'Ship Early, Ship Often' is a term coined by Eric Ries, in his book The Lean Startup. It refers to the practice of releasing a minimum viable product (MVP) as soon as possible, and then iterating on it based on customer feedback. The goal is to learn what customers want and need, and to make sure that the product meets those needs.
There are many benefits to 'ship early, ship often'. First, it allows you to get feedback from customers much sooner than if you waited to release a fully-featured product. This feedback can be used to improve the product, and make sure that it is meeting customer needs. Second, it allows you to validate your assumptions about the product and the market much sooner. This can save you a lot of time and money in the long run, as you will not be building something that no one wants.
There are a few things to keep in mind when implementing 'ship early, ship often'. First, you need to have a clear understanding of what your MVP is. This means understanding what features are essential to the product, and which ones can be left out. Second, you need to have a plan for how you will get feedback from customers. This can be done through surveys, interviews, or even just watching how they use the product. Finally, you need to be prepared to iterate on the product based on feedback. This means being open to making changes, and being willing to experiment.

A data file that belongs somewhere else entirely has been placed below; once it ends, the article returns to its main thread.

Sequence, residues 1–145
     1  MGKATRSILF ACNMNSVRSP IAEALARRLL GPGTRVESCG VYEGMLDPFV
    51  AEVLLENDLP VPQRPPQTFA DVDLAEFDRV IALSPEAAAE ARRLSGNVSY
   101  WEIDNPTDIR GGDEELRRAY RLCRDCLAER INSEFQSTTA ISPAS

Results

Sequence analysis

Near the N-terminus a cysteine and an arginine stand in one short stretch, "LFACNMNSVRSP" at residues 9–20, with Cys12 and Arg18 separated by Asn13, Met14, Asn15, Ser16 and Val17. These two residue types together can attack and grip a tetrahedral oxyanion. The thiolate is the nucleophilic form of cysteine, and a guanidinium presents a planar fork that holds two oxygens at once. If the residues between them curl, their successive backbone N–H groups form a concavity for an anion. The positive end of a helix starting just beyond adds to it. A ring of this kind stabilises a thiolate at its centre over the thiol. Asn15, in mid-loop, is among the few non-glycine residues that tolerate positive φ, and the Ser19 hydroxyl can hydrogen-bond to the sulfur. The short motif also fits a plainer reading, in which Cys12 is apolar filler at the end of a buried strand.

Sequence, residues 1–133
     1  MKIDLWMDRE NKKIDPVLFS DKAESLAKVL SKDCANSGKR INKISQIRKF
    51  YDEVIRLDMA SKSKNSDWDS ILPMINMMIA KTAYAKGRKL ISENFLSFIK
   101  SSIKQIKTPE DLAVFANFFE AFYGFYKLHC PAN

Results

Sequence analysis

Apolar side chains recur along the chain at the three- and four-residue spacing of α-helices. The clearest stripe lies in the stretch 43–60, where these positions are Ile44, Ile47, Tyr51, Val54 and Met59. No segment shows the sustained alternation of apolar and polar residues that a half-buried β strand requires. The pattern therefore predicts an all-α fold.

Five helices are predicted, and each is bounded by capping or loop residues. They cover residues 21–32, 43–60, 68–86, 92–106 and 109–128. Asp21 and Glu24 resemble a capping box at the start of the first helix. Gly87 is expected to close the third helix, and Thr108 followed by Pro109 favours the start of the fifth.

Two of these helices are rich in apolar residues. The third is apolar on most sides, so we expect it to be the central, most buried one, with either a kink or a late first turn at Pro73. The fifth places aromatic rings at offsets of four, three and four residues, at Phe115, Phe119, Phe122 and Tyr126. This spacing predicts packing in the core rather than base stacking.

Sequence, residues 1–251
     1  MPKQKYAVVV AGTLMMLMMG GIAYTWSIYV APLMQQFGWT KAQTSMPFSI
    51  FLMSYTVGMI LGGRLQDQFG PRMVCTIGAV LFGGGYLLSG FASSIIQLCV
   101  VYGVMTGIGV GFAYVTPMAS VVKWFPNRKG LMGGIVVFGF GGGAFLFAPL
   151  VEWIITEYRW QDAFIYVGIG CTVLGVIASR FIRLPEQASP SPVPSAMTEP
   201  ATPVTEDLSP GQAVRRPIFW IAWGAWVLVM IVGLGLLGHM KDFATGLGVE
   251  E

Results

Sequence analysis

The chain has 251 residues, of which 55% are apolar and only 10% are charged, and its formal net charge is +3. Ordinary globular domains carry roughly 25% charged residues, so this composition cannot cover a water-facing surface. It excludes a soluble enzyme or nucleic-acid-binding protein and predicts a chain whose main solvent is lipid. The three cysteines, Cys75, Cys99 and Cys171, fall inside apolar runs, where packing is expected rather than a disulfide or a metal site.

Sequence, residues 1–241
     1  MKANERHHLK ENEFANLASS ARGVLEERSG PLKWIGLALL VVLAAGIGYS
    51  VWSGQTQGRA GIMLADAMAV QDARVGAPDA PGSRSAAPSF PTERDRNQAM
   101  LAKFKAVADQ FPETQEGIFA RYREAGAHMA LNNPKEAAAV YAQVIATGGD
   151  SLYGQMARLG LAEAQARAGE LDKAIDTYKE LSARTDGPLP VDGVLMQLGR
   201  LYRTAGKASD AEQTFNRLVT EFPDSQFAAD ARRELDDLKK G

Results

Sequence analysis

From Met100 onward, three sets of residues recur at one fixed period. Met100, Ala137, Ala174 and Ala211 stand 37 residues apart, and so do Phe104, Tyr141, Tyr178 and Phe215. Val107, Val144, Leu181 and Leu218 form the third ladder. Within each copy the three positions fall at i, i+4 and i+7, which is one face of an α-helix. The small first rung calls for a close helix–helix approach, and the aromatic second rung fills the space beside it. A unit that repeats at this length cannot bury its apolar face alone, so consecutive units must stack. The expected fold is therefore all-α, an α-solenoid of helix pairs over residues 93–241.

There are many examples of successful companies that have used 'ship early, ship often' to grow their business. One example is Facebook. They released their MVP in 2004, and then iterated on it based on feedback from users. As a result, they were able to grow very quickly and become the largest social network in the world. Another example is Amazon. They released their MVP in 1995, and then added new features and products over time based on customer feedback. This allowed them to become the largest online retailer in the world.
The 'ship early, ship often' approach has been very successful for many companies, and there is no reason to believe that it will not continue to be successful in the future. As more and more companies adopt this approach, it will become the norm, and those who do not adopt it will be at a competitive disadvantage. 'Ship early, ship often' is here to stay.